Disclosure of Potential Conflicts of Interest
No potential conflicts of interest were disclosed.
The content of this article does not necessarily reflect the views or policies of the National Cancer Institute or any of the collaborating centers in the Breast Cancer Family Registry (BCFR), nor does mention of trade names, commercial products, or organizations imply endorsement by the U.S. government or the BCFR.
Conception and design: L. Baglietto, G. Severi, G.G. Giles, J.L. Hopper
Development of methodology: L. Baglietto, J. Stone, J.A. Simpson, J.L. Hopper
Acquisition of data (provided animals, acquired and managed patients, provided facilities, etc.): K. Krishnan, G. Severi, G.G. Giles, J.L. Hopper, C. Apicella, C.F. Evans
Analysis and interpretation of data (e.g., statistical analysis, biostatistics, computational analysis): K. Krishnan, L. Baglietto, J.A. Simpson, R.J. MacInnis, J.L. Hopper
Writing, review, and/or revision of the manuscript: K. Krishnan, L. Baglietto, J. Stone, J.A. Simpson, G. Severi, R.J. MacInnis, G.G. Giles, J.L. Hopper, C. Apicella, C.F. Evans
Administrative, technical, or material support (i.e., reporting or organizing data, constructing databases): K. Krishnan, G.G. Giles, J.L. Hopper, C. Apicella
Study supervision: L. Baglietto, J. Stone, J.L. Hopper
The MCCS was supported by the Victorian Breast Cancer Research Consortium, the National Health and Medical Research Council (251533, 209057, and 504711), the Victorian Health Promotion Foundation, and the National Breast Cancer Foundation and was further supported by infrastructure provided by the Cancer Council Victoria. The ABCFR was supported by grant UM1 CA164920 from the U.S. National Cancer Institute. K. Krishnan is supported by the John and Allan Gilmour Research Award and May Stewart Bursary scholarships. L. Baglietto is supported by a Marie Curie International Incoming Fellowship within the 7th European Community Framework Programme. J.L. Hopper is a Principal Research Fellow of the National Health and Medical Research Council. J. Stone is supported by a Postdoctoral Research Fellowship from the National Breast Cancer Foundation.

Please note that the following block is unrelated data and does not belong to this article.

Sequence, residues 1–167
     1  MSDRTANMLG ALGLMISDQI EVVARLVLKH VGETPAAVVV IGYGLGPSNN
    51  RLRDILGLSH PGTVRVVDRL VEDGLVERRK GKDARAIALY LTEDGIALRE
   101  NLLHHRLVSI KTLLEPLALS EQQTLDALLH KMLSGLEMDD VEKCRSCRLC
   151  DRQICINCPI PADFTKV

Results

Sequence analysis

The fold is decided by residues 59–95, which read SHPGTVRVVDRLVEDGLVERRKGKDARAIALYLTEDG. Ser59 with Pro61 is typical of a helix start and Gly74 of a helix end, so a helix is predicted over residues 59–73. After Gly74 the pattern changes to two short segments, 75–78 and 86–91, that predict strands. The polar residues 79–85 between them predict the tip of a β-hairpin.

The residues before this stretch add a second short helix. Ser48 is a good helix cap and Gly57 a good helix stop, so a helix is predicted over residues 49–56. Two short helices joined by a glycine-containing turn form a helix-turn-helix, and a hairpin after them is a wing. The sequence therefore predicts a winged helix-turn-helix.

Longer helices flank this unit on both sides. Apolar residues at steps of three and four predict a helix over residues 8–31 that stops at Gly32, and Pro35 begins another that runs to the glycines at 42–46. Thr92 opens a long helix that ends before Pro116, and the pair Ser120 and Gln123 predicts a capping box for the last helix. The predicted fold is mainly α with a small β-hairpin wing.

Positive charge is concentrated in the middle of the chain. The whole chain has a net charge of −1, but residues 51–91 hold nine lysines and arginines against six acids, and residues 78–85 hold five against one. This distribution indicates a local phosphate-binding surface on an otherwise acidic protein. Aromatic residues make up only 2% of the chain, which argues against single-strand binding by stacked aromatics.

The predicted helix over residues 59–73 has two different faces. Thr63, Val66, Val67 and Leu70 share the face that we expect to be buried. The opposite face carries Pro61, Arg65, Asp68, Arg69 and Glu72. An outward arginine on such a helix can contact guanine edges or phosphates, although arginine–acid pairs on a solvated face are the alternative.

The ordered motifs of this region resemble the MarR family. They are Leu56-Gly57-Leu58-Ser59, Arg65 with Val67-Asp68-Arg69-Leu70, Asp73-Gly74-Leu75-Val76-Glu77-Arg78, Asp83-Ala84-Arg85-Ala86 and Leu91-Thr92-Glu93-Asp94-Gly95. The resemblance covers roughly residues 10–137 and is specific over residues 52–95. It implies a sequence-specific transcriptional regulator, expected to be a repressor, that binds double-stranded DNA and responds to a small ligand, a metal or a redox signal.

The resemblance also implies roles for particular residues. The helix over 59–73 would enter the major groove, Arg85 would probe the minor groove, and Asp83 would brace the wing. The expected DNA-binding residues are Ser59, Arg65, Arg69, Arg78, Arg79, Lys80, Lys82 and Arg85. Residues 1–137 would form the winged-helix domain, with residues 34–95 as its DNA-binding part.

The costs of publication of this article were defrayed in part by the payment of page charges. This article must therefore be hereby marked advertisement in accordance with 18 U.S.C. Section 1734 solely to indicate this fact.
We thank the Victorian Cancer Registry, BreastScreen Victoria, and the Australian Mammographic Density Research Facility.
- Received June 16, 2016.
- Revision received November 4, 2016.
- Accepted November 14, 2016.
- ©2017 American Association for Cancer Research.